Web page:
These are ‘minor’ things in the grand scheme of sexual assault, but I want to talk about them for a very specific reason: how I conducted myself. I didn’t put up with it. I knew consent was something I needed, and that it wasn’t okay for men I didn’t want to film me nearly naked or touch my privates. I’d been taught about consent, and had classes on comprehensive sex education. No means no, and nothing else.
Not all autistics or disabled people get that education. In fact, when it comes to mental disability, it’s sometimes not just neglected completely, but messages opposite to ‘no means no’ are taught.
Five-year-old Johnny doesn’t want to hug his parents. His therapist tells him he has to. He shakes his head, he avoids eye contact, he tries to wiggle away, he has a meltdown, he gives every signal he can to show how deeply uncomfortable and physically painful this is for him. His parents think it means he doesn’t love him because they can’t understand that physical contact and love aren’t necessarily connected. His therapist spends hours, weeks, years training him to hug on command regardless. His no does not mean no. He is not allowed to say no, because his therapists and his parents don’t believe he has a right to his own body.
When Johnny is in middle school, his parents don’t let him take sex ed because they feel it’s not something someone with his neurology needs. Then his PE coach makes inappropriate comments that go unchallenged. The coach makes him give hugs that last too long after class. The coach slides his hand between Johnny’s legs. The coach says they should shower together, that it’s okay and it’s what adults do. The coach wants to show Johnny other things adults do. Johnny obeys because he’s been taught and trained and forced to submit by his parents, his therapist, and his teachers. He’s been taught that his body isn’t his, and that he has to do what others tell him to do, even if it makes him uncomfortable, if he doesn’t want to, if it doesn’t feel right, or even if it hurts. He doesn’t know it’s wrong. He learns what sex is from his coach. Sex is a painful act forced on him for the purpose of someone else’s pleasure. He has never learned anything to tell him that’s wrong, that sex is supposed to be something else, something good. That a relationship isn’t supposed to hurt.
There are a lot of horror stories around compliance training – most I hear about come from traditional ABA therapy. Therapists forcing their young clients to hug on command, and those clients growing up not to have a concept of bodily autonomy, making them perfect victims for sexual predators. I’ve read the stories of victims and survivors, and it makes me sick to my stomach. I think of all the people out there not taught about sexuality or healthy relationships because it’s deemed inappropriate for their autistic brains, despite them potentially being sexual beings like all other teens and adults.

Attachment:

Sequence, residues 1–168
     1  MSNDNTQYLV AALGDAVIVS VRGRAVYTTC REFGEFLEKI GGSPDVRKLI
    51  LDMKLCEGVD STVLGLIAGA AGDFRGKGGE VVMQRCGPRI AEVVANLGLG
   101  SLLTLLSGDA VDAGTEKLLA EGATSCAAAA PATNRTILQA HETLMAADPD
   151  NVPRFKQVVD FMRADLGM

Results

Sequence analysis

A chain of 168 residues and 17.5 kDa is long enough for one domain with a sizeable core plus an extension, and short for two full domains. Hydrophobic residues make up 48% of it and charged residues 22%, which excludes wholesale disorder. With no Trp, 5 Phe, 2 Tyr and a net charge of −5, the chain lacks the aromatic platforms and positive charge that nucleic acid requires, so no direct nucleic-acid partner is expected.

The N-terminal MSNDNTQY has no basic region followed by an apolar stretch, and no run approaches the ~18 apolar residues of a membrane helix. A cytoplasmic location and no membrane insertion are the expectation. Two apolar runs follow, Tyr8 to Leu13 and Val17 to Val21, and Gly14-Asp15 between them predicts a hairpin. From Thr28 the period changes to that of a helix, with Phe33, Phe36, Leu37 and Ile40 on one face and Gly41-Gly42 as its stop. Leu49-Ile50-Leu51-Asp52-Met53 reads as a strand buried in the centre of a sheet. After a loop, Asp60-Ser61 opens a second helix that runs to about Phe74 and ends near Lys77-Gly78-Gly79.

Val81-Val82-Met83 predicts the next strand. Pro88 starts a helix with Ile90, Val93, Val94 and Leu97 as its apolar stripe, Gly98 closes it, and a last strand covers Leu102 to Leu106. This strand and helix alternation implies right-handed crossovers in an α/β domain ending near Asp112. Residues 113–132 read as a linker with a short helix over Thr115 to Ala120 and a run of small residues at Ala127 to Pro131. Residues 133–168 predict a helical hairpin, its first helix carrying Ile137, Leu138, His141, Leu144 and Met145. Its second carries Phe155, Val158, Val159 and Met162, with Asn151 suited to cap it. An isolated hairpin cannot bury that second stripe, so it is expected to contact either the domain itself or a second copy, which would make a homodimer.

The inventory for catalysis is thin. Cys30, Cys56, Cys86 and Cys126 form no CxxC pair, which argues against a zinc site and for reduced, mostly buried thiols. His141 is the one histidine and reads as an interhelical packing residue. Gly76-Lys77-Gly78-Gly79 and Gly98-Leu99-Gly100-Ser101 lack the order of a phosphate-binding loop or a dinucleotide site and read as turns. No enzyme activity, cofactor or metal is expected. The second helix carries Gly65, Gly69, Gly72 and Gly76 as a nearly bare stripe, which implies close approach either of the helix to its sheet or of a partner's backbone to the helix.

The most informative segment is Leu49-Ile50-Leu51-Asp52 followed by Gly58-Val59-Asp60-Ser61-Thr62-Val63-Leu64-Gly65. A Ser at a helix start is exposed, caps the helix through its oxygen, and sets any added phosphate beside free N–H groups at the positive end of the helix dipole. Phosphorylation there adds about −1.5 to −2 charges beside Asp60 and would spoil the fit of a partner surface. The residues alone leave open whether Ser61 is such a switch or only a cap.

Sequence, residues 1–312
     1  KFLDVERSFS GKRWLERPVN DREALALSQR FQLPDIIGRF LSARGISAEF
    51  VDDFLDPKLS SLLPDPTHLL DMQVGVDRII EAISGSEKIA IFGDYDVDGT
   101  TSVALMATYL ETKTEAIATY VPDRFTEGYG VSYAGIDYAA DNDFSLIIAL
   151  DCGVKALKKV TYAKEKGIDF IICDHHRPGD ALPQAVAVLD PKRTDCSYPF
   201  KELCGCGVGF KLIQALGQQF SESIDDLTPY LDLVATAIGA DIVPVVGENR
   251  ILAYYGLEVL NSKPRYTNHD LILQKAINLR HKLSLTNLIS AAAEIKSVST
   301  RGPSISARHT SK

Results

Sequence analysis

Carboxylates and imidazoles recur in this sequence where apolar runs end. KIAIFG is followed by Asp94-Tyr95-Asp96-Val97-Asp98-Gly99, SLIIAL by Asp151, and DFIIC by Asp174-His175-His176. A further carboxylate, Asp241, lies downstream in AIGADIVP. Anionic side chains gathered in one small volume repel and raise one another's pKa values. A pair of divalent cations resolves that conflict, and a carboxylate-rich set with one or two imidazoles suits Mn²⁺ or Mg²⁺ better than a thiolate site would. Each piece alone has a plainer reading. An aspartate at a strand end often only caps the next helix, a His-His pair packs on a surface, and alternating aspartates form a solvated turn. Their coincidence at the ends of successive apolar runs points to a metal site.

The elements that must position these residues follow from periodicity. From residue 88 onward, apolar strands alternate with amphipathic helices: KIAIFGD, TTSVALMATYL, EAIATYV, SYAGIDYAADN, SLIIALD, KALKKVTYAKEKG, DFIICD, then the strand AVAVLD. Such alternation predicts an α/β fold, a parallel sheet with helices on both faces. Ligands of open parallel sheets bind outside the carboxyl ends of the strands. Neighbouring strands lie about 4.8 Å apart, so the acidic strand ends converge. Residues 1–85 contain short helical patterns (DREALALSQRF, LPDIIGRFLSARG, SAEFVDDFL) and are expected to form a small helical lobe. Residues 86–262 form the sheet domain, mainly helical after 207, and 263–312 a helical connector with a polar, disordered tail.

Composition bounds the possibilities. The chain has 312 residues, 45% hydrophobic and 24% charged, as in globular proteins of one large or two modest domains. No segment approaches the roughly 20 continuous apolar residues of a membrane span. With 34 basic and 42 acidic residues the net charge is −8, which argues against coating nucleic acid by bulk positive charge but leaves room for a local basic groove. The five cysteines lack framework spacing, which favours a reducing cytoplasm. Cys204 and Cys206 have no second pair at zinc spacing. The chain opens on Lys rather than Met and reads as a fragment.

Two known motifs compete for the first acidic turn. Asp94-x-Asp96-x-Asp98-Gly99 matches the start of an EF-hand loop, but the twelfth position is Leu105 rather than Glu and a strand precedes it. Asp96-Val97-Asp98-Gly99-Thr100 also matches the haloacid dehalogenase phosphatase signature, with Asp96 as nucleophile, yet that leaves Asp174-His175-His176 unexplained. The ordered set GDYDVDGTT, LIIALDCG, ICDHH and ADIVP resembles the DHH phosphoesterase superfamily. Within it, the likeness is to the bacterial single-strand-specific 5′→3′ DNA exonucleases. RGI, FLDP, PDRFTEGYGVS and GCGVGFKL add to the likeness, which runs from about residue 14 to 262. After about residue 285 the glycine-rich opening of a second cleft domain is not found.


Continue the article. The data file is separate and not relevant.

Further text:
I think how easily that could have been me if I’d gotten an early diagnosis and my parents had sent me to a bad therapist simply because they wouldn’t have known any better.
Maybe instead of trying to keep that videographer from filming us, thirteen-year-old me would have just stood there and allowed myself to be filmed in my underwear by a man old enough to be my grandpa. Maybe he shows me that inappropriate footage and tells me that if I don’t take off the underwear in private, he’ll send the film to my classmates and parents. Maybe instead of getting my fencing coach fired, fifteen-year-old me would have remained quiet, giving him the ‘signal’ that I wouldn’t report him if he progressed to more horrific actions.
Not being labeled as autistic or disabled may have saved me from a terrible fate, but I shouldn’t need to suffer through nearly two decades without a term for my own brain to have access to the education to learn to stand up to assault, to learn about healthy sexuality. Autistic and disabled people deserve appropriate, comprehensive education. We often have mature sexual bodies. We need to learn about what that means. We need to have full knowledge of the concept of consent, and about what healthy relationships are like, what they look like with us in them. Healthy relationships are about mutual respect, friendship, love, and potentially also include pleasurable sex (including lgbt+ sex – not all autistics are straight). While this is desperately needed for everyone, I feel there’s a heightened need for those of us with social disability to have education on this because social norms are something we need to learn across the board. A relationship is a social construct, and if we aren’t taught about them in a good way, there’s the potential for someone to teach it to us in a bad way.
If you are the parent of an autistic, don’t assume that because of their difficulties (non-verbal, no eye contact, intense stimming, severe sensory disorders, or any other issues) they don’t need to learn about adult matters. Consent is not a luxury for the able-minded or able-bodied. Autistic children become autistic adults. We have adult bodies and we need to know about them, about our rights to them. I am what happens when you do things right – a strong individual capable of standing up for her right to say no and eventually finding fulfilling, happy, healthy relationships in the dating world. Your child, who will become an adult, should be too. Please, don’t neglect us.